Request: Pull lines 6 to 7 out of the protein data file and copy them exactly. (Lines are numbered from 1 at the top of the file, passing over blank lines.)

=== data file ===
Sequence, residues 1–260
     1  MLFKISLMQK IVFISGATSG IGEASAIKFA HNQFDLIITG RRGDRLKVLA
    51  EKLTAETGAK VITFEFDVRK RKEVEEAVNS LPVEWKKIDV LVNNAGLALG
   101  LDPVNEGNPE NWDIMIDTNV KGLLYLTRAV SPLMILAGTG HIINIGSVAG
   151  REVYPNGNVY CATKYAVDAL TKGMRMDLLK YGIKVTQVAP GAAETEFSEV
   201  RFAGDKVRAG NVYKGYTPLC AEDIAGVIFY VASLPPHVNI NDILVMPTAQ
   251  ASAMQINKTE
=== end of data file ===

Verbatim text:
   201  RFAGDKVRAG NVYKGYTPLC AEDIAGVIFY VASLPPHVNI NDILVMPTAQ
   251  ASAMQINKTE